“I’ve seen a lot of major development occur across that period but (am) now seeing the most challenging (ones) the industry is facing, certainly in the time that I’ve been in it. And that is that the price of energy, which historically had been going down for a whole range of reasons, is now, for a whole range of reasons, heading back up again,” Mr Effeney says.
“Really, the price of energy has come down in real terms over the last 30-odd years because we had progressively worked on this model of bigger generation, bigger transmission, economies of scale and those kind of things. Progressively driving efficiencies in the model.”
However, the dual issues of air conditioning saturation and aging assets have fundamentally changed the utilisation of Queensland’s assets. Since becoming CEO, Mr Effeney has concentrated on Energex handling its steadily growing customer and asset base and ensuring the right projects and processes are in place for the future. The route to lowering demand growth, improving efficiencies and increasing power ouput involves investing heavily in distribution management systems that allow for tracking and control of the network and facilitating customer choice, particularly in low-voltage areas.
“If you can understand what’s going with those assets you can work those assets harder, because at the moment we don’t really know a lot about that, we’re fairly blind to that,” Mr Effeney says.
“Unless customers ring us up when they’ve got problems, we don’t have a lot of visibility. So the first thing we are working on is getting visibility out there in the system so that you can tune up your own network and get better value out of that network.”
Energex’s proposed Distribution Management System (DMS) will manage the electricity distribution network to deliver improved electricity supply restoration times. One of DMS’s applications will be a service call management, which replaces the paper-based identification of electricity network and can more accurately predict the exact location of a network fault. Mr Effeney believes his network must fundamentally change in the near future to accommodate better use of distributed management and a range of renewable resources for a better network utilisation outcome. While focused on delivering much needed capacity, he also understands the key issues surrounding the continued building of assets in order to just address peak demand.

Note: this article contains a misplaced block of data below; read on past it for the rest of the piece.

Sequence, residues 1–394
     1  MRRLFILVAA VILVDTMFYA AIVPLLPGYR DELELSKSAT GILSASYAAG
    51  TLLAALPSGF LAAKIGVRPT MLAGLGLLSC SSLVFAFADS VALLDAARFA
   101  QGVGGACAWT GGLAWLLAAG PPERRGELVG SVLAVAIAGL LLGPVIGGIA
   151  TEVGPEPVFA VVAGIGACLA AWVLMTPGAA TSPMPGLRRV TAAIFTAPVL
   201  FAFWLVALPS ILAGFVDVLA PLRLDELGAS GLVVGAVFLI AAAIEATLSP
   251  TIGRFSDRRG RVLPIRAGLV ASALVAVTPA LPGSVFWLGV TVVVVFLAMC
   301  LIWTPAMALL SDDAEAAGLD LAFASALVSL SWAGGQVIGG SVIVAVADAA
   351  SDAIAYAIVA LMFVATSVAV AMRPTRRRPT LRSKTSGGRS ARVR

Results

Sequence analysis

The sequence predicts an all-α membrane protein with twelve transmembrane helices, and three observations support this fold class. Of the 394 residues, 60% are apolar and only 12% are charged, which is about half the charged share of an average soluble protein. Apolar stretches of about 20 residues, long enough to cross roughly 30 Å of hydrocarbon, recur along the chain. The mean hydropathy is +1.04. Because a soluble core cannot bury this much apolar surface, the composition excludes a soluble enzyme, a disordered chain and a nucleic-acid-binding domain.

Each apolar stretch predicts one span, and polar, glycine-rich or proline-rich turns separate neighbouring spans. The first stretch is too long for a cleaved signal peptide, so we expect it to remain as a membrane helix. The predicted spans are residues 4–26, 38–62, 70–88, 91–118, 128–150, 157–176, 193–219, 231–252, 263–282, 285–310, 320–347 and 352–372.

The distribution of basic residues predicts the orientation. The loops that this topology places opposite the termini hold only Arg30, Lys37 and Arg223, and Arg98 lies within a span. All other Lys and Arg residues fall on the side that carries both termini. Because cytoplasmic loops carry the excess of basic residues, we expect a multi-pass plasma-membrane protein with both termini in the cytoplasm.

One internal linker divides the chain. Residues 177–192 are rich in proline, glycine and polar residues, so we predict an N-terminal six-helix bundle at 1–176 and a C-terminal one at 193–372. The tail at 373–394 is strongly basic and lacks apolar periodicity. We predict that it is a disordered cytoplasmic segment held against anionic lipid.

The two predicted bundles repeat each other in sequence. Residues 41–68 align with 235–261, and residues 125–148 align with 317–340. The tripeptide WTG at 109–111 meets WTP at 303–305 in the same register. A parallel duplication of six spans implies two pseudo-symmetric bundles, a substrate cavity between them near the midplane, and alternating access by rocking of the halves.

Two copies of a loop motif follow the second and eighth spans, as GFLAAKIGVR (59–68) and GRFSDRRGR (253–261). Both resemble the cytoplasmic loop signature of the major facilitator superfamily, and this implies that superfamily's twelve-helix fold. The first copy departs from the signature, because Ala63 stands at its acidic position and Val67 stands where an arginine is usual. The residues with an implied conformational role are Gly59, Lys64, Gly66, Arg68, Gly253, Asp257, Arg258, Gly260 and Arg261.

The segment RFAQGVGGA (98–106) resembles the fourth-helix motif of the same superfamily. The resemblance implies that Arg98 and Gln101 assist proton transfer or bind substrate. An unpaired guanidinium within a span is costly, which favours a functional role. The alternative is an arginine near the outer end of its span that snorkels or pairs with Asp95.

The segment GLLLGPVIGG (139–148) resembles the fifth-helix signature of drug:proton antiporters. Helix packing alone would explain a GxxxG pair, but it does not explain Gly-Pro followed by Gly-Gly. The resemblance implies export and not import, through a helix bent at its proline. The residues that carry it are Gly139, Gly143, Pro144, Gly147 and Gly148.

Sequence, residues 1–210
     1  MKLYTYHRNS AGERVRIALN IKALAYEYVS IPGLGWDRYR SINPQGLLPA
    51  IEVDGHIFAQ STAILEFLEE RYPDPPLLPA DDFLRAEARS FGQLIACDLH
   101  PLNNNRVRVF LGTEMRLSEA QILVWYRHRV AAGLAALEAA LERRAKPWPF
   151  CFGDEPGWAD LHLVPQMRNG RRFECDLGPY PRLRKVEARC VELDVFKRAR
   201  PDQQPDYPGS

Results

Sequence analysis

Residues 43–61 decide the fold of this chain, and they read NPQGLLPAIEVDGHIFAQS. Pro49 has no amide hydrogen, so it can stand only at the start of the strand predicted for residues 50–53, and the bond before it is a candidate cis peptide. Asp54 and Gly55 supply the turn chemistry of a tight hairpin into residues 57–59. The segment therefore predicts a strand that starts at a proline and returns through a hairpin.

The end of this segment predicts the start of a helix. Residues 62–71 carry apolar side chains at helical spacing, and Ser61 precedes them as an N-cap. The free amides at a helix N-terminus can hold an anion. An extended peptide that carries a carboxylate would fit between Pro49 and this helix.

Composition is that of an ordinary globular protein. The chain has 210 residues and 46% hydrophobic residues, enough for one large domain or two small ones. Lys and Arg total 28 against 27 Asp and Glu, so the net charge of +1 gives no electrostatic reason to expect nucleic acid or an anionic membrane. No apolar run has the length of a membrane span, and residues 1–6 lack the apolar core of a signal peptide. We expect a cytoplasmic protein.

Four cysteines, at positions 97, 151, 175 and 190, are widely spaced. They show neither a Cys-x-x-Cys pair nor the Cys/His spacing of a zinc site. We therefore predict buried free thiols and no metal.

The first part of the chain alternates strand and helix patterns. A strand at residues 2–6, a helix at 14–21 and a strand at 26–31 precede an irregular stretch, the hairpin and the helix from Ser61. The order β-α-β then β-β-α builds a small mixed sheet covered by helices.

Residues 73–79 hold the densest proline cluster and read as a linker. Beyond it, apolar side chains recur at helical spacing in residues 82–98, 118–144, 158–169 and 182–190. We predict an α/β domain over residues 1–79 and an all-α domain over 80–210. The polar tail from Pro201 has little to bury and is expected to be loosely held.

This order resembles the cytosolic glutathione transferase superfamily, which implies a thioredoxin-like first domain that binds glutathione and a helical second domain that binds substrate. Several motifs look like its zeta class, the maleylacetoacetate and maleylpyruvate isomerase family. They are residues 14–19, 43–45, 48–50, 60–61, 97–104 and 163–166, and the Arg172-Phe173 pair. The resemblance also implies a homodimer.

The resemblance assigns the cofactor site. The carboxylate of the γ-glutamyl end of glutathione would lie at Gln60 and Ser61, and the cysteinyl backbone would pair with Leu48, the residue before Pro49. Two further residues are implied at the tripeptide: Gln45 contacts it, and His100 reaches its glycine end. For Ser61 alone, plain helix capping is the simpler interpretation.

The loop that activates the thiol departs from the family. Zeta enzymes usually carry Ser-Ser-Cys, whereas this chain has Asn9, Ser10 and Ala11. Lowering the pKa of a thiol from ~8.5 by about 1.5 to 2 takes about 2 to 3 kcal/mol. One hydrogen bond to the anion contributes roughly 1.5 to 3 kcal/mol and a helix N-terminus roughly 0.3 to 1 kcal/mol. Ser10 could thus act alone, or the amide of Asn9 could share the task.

“The systems built over the last 50 years were built with a particular view about how customers will use energy. You now put a 21st century paradigm about ‘e-economy’ and the whole digitisation of the system and you look at what our system was designed to do, and it was never designed to meet the requirements of a digital economy. You have to change the way you think about how to use a conventional supply network and how to integrate it with 21st century technologies to get the right kind of outcomes here. The integration of distributed energy resources and storage devices at the point of application will be key,” Mr Effeney explains.
Improved storage capabilities will have a crucial role to play in this new distributed system, as long as it can be developed and integrated into the system in a useable fashion.
“One of the really interesting things about storage, whether it be vehicles or other kinds of storage, is that a lot of the renewables you are looking at, whether they are solar, wind or other things, tend to have some level of intermittency. The whole point is that you need storage to take that intermittency out.